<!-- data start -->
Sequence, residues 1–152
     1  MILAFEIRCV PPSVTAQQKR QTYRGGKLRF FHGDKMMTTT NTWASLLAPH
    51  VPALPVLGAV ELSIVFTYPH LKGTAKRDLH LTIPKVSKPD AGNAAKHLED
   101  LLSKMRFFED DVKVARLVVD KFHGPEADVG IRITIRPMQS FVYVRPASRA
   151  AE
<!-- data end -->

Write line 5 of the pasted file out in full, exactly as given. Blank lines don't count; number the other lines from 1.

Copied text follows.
   151  AE